When it comes to a weekend treat, not much can beat the cheesy, doughy delights of a freshly baked pizza.
Whether your taste is American-style deep pan or classic Italian, wafer-thin base, everyone has their topping of choice.
But the nearest we get to something sweet on the top is the sometimes controversial pineapple of a Hawaiian, with ham.
So if you’re one of those who decries the fruity addition, look away now.
For one of the Fylde coast’s newest restaurants, Gusto in Lytham, is pushing the boundaries even further, with an unusual twist on the folded calzone pizza – think Cornish pasty with an Italian slant.
How does Nutella sound rather than the regulation tomato sauce, and creamy mascarpone instead of cheese?
You can see them looking puzzled when studying the menu
Since the Cheshire-based brand arrived on the Fylde coast in April, the dessert dish Nutella and mascarpone calzone has got the tongues wagging.
Customers have munched their way through a 3kg tub of the delicious chocolate-hazelnut spread each week, restaurant bosses claim.
Gusto Lytham’s general manager Anna Whalan said: “Customers who have never tried it are intrigued.
“You can see them looking puzzled when studying the menu.
“They ask you what it’s like and whether we are joking, but once they have ordered it and tried it they are truly wowed.
“It has become a firm favourite here in Lytham.”
The dish was developed 11 years ago by Dylan Thomas, Gusto Didsbury’s head chef, and 400 to 500 are served up in their 15 restaurants each week.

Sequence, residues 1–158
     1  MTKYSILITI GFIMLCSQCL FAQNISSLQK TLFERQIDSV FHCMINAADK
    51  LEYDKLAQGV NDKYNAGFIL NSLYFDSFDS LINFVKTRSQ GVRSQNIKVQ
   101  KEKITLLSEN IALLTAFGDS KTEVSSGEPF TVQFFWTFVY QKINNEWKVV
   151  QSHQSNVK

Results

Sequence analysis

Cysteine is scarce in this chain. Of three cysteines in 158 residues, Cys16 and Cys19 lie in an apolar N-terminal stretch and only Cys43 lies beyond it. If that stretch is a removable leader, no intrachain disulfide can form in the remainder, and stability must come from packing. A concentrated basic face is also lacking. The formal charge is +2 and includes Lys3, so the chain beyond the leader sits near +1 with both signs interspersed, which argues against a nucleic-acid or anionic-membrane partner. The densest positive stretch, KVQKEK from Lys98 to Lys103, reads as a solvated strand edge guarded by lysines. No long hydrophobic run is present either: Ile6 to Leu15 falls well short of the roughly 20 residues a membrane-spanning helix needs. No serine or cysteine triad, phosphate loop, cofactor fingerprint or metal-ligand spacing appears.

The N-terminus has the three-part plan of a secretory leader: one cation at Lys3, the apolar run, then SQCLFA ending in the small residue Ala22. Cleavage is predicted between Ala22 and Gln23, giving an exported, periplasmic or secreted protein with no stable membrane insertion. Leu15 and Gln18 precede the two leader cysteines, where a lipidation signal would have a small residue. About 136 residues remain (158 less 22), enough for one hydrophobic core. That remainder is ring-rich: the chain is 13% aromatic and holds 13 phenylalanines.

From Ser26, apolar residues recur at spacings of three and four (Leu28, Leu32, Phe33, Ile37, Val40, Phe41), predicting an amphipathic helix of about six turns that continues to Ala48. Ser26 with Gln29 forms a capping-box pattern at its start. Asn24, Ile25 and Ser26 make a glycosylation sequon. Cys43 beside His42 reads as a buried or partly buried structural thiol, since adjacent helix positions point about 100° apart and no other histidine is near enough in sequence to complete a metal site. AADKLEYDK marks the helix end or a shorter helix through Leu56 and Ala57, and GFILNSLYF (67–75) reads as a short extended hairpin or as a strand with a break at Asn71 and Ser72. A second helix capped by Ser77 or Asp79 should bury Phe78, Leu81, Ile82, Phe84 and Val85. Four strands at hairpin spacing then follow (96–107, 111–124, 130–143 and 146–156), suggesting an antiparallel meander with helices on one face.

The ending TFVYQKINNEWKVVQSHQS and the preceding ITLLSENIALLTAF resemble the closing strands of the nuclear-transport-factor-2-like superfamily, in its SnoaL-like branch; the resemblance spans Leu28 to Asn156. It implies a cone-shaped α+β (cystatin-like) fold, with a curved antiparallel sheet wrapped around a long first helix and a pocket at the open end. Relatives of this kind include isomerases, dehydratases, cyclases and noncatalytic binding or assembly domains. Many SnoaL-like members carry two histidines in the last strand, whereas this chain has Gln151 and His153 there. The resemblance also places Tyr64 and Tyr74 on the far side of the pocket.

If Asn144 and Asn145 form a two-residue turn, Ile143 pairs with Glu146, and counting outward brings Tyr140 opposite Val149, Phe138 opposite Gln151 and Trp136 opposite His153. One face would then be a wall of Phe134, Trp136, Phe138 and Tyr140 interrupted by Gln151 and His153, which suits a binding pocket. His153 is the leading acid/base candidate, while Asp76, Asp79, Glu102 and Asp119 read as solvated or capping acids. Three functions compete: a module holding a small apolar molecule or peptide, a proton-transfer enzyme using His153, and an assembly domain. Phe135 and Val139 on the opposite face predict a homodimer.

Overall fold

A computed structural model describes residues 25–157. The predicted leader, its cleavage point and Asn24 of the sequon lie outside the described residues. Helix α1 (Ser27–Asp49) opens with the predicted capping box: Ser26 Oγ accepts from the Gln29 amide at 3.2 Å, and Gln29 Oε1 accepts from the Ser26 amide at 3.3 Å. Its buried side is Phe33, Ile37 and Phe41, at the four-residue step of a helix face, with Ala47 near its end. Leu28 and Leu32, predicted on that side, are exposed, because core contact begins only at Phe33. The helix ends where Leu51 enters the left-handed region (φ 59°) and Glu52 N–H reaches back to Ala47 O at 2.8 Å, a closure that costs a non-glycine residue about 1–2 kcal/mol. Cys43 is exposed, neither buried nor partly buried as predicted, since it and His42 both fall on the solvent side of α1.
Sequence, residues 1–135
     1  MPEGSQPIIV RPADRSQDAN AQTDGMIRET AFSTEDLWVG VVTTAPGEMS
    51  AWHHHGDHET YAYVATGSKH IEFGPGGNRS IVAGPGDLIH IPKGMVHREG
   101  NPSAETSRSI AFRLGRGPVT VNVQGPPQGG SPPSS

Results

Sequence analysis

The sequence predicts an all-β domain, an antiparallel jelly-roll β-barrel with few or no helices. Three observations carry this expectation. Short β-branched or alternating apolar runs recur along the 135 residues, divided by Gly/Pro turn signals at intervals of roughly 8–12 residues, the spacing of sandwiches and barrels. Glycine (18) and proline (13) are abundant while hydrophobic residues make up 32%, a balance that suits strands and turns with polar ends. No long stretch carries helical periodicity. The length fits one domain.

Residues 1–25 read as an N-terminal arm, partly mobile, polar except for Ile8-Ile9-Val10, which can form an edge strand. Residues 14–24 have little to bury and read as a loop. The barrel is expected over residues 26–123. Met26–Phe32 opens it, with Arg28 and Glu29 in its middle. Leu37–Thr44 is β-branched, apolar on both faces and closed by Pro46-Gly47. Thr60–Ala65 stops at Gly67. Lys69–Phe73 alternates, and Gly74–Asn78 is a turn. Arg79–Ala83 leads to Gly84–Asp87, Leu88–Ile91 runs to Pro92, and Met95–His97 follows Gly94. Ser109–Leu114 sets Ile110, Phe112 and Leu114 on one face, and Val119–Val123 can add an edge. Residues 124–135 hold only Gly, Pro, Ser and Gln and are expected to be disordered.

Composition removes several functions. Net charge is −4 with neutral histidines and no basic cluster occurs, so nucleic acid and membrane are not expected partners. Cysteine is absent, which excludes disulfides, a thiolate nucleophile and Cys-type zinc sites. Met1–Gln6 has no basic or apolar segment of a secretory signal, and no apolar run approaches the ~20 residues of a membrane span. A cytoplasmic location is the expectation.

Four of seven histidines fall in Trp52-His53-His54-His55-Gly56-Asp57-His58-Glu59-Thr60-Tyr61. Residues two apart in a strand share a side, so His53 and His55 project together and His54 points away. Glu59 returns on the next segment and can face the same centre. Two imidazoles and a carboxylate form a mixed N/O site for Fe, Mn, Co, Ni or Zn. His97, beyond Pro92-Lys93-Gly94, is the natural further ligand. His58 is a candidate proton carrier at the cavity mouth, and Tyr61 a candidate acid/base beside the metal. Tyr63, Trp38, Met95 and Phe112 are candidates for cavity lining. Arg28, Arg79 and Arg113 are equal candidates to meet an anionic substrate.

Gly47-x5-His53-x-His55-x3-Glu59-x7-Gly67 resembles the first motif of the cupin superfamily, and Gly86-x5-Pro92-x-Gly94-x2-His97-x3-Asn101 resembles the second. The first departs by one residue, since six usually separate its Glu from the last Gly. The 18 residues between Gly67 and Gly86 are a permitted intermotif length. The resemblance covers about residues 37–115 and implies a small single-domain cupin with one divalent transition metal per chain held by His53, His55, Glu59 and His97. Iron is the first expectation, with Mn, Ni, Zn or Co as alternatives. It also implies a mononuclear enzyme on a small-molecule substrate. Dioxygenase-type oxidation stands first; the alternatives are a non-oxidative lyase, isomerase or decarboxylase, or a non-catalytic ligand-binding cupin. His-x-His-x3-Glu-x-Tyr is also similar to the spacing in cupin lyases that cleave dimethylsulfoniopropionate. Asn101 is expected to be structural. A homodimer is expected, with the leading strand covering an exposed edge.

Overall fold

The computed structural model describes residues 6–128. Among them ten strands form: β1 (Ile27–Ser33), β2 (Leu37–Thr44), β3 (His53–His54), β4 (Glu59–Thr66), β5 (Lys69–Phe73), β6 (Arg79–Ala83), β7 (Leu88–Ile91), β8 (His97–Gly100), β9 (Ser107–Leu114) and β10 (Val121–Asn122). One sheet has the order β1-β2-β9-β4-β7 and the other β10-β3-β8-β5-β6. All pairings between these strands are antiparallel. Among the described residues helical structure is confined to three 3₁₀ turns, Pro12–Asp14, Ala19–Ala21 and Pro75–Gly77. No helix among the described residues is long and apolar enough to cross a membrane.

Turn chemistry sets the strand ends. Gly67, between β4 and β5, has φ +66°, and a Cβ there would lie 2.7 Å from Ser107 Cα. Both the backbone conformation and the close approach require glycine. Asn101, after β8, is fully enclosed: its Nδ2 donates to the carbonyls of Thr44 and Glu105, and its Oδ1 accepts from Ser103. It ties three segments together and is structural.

Is made with Gusto pizza dough packed with Nutella and mascarpone and takes just three minutes to cook.
Intrigued Gazette entertainment writer Anna Cryer and Steven Croft, the Blackpool-born skipper of County Championship leaders Lancashire Cricket Club, decided to not only taste it but have a go at cooking their own.
Gusto Lytham chef Tom Woollam made it look so easy, working the smooth and proven dough out to make an almost paper-thin base for the dessert, teasing it ever thinner while using the dough’s own weight to stretch it over the edge of a cool marble worktop.
And thank goodness for that magical marble, as the job was being carried out in front of the restaurant’s stone pizza oven – raging at around 400C even at 10 in the morning.
Getting a neat circle for the base takes something of a knack, one I certainly didn’t grasp, but with the edges trimmed and sealed for a calzone it wasn’t too important that my own attempt wasn’t quite perfect.
Dolloping a generous spoonful – plus a little more for good measure – of both Nutella and mascarpone on to the base, I channelled my own West Country roots when it came to crimping the edges. Like I said, calzone’s the Cornish pasty’s Italian cousin and I’ve certainly studied enough pasties in my time to have an idea how to seal the deal.
Steven, meanwhile, it turns out, has past form with pizza, as a teenage waiter, so he was a dab hand at sliding the sweet treat into that furnace oven, and within moments the parcel was puffing up in the searing heat.
Chef Tom was impressed with our efforts too, claiming it had been a bigger success than the demonstration he had baked, as it puffed up thanks to the steam created within the parcel.
Plated up with some cool vanilla ice cream and drizzled with maple syrup – as if there’s not enough sweetness – the calzone really is delicious.
The chocolatey, creamy centre oozes when the light pastry case is cut open, but there’s enough of a tang to the mascarpone to stop it all being a bit much.
It’d take some doing to polish off a whole one after a meal, but that makes it a romantic option for couples or a fun nibble for friends.
Steven has also been won over.
“I was in Gusto with my wife a few weeks ago, saw the Nutella calzone on the menu and was intrigued,” he said.
“We ordered one and it was stunning.
“After seeing how it’s made, how simple it is, it’s really original – I’ll definitely being ordering it again.”